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The Insider's Guide to Arabic Calligraphy

AraCal (AraCal.com) is a project aimed at the thorough preservation of Arabic calligraphy as it has evolved since its inception. Naturally, though, a project of this nature does not simply address literal changes in character strokes, proportions, and angles. Rather, AraCal is an exploration of these fluid scripts as they were handled, molded, and stretched by countless cultures over hundreds of years.

Arabic calligraphy grew and spread with the language over a century and a half ago. In fact, the connected script that is modern Arabic has its roots in the birth of the Islamic religion. The explosive growth and spread of the language was therefore due to the spread of Islam across the Middle East and beyond.



Literacy and writing grew hand in hand with the need to communicate in Arabic. Two basic styles were born: the first, a quick everyday script that allowed for easy communication between people and the second, a slower script that used a broad-chiseled edge to write official documents for various politicians, religious leaders, and politicians. Fast forward over 1,500 years through centuries of language development and we see that the use of this slowly written script – the earliest forms of Arabic calligraphy – began to transition from official and religious use, to something of an art for the masses to consume. Today’s modern Arabic calligraphy scripts have roots tracing back to both the faster daily use script and the slower official use script.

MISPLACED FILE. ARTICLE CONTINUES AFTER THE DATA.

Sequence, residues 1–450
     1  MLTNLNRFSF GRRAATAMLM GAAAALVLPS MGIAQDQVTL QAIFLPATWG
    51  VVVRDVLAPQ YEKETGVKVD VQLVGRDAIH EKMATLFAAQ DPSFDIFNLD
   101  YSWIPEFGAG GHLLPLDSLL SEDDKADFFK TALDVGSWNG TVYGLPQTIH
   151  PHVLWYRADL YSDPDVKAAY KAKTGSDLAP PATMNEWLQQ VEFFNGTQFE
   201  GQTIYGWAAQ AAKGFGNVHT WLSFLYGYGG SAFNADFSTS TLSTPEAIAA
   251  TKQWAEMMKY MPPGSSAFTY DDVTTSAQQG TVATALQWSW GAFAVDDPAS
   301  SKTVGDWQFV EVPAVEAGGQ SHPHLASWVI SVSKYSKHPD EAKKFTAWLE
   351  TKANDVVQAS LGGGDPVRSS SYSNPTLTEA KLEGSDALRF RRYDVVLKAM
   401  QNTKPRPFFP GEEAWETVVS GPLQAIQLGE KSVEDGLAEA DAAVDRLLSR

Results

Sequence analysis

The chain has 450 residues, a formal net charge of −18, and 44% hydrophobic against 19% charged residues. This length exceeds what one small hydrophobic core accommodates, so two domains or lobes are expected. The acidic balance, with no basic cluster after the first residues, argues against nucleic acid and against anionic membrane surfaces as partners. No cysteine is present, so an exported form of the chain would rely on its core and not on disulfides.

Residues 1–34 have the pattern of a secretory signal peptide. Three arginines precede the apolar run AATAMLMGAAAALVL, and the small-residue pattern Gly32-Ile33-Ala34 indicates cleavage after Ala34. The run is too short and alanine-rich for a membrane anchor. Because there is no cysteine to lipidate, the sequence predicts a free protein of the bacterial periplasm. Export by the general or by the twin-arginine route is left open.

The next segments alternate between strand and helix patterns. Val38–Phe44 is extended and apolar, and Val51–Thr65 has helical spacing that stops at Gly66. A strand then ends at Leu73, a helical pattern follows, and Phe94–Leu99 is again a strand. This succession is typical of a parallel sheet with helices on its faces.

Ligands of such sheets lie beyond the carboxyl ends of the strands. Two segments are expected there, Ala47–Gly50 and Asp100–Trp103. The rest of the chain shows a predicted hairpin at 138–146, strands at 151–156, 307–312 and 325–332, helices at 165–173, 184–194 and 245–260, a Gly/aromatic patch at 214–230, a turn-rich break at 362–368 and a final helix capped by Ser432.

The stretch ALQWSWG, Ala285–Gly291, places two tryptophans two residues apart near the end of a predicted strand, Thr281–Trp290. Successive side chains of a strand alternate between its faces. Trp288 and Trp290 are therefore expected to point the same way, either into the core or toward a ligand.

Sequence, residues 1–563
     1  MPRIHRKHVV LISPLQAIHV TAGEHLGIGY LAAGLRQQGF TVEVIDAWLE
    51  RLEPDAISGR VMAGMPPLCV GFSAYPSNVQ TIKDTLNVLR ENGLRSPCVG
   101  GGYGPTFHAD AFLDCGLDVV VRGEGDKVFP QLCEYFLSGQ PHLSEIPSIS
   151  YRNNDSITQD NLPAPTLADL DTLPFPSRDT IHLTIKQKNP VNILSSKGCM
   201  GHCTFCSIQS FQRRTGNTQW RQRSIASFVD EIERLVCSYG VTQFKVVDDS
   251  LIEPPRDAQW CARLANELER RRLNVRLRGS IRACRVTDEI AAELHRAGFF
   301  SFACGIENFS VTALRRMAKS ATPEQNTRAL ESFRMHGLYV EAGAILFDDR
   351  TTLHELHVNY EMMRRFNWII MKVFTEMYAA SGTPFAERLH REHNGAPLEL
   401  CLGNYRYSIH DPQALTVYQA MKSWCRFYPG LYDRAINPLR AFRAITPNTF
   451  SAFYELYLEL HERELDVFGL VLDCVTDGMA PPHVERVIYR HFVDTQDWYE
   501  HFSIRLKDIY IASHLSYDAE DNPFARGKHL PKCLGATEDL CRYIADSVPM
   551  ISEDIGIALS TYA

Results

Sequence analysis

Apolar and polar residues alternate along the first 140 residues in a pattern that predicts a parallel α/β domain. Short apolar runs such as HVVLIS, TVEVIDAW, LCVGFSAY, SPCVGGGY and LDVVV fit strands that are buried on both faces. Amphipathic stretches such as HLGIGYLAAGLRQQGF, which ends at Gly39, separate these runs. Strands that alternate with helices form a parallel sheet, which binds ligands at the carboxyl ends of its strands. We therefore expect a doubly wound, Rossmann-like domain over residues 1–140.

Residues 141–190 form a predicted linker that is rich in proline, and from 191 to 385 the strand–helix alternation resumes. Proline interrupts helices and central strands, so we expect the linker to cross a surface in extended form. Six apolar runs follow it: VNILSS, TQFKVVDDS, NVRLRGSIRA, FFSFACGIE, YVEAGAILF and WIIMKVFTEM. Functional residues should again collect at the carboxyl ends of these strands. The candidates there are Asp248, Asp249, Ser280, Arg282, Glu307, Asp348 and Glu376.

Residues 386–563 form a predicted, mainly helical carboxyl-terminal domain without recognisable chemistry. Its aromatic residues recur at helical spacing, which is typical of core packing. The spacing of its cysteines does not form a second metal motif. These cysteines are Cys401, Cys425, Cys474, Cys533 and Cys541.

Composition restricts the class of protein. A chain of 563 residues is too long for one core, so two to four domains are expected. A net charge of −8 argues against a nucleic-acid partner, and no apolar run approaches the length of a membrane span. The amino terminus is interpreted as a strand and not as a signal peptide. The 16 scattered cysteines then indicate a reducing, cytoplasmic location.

My father and I started the AraCal project not as a means to start a business – my father is an engineer and I am completing medical studies. Rather, we wanted to draw on my father’s 45 years of Arabic calligraphy expertise and mastery of nearly every known script to create a novel book that celebrates the art. AraCal will take the owner through mysteries of the ancient Arab cultures and the way that these communities developed methods of communication within and across these societies. The book will replicate every known Arabic calligraphic script since its inception through handwritten, artistic pieces made in each of these scripts – with translations and commentary about each script.

Please do take the time to check out our Kickstarter project and support this cause. In an age in which we celebrate the power of technology and computers, calligraphy is a rare art and one that our communities must strive to preserve.

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Kareem Ayoub

Student of medicine and biomedical engineering. Interested in public policy and science diplomacy, with a few projects on the side.

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